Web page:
The challenge of urban ministry
The past six months being the pastor at Mountair have been a whirlwind. I went into it primarily focused on building relationships with people and thinking about what we would need to do to turn around a dying church. Both of those things are happening, but what has come to the forefront of my work here that I wasn’t expecting to play such a significant role is how our church and I personally engage poverty, brokenness, and addiction around us.
Mountair is located in a lower/lower-middle class neighborhood. On the parks, in the streets, and at the cheap motels in the surrounding blocks there are scores of people who are homeless or dangling right on the edge. When I was working in suburban churches we’d sometimes have a couple people come in looking for some grocery assistance. Here we have five to thirty-five people a day coming in needing help. We’ve had people who need money for propane to heat their trailer in the middle of winter. Families who need a couple hundred dollars to pay for a cheap motel or their family will be on the street. We’ve had a homeless man come into the building while an irate young man outside tried to get in to beat him up. I’ve had numerous people confess that they are alcoholics (and usually they don’t need to tell me). Some who want to get better and some who have resigned themselves to being drunk for the rest of their lives. These are the things I wasn’t ready for when I came.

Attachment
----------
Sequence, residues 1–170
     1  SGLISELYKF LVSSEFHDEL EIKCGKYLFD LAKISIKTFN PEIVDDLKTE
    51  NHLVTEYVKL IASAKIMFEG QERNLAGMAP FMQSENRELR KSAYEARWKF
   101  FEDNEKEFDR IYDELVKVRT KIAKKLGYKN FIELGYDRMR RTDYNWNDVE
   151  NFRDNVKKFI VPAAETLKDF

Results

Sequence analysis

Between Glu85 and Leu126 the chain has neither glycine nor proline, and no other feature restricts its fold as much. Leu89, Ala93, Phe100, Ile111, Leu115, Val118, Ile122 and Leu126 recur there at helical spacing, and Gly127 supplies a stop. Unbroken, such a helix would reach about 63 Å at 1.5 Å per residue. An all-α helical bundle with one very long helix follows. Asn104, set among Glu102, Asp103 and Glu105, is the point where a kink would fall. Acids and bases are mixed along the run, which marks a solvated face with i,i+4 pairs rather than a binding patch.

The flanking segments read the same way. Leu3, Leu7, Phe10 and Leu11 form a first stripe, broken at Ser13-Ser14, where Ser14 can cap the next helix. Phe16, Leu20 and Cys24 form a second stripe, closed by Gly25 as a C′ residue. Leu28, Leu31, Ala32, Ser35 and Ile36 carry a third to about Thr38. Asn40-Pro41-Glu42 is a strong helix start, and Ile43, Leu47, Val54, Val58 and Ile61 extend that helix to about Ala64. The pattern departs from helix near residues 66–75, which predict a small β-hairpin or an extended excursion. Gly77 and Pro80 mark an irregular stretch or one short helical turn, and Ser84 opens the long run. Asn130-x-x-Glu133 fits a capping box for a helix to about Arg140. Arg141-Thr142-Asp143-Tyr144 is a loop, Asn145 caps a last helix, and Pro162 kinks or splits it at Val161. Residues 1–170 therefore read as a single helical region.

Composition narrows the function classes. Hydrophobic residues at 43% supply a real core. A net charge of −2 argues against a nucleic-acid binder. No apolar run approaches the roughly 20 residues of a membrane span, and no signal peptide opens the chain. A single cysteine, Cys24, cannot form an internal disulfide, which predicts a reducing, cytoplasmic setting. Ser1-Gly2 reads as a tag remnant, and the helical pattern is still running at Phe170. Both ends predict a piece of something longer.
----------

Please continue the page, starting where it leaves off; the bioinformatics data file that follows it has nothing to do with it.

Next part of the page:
Please don’t take this as complaining, because it’s not. Just saying I wasn’t prepared. Not that I could have been totally prepared no matter what. Some of this has to be learned as you go. You can’t learn how to discern whether someone is manipulating money for booze or really needs to get to a job on the bus in a classroom or a book. Urban ministry, especially in poor areas, is extremely challenging. One of the sad things is that I know a number of people and ministries that struggle to get by financially as they try to engage the poor in urban areas. I don’t know the solution, just saying if we can build huge buildings and big productions in the suburbs but can’t fund ministries to the urban poor who get by on almost nothing it’s a problem.
So if you’re working in an urban/impoverished environment, keep going. If you need someone to share stories I’d be glad to do it. If you haven’t really had contact with ministry to the urban poor, take the time to get to know some people or ministries or both that are reaching them. After all, Jesus did say the poor would inherit the kingdom of God. There’s a lot we can learn from them and those who work with them. I’m in that process daily and am so thankful for the people who have been doing this a long time who have taken the time to talk me through some things.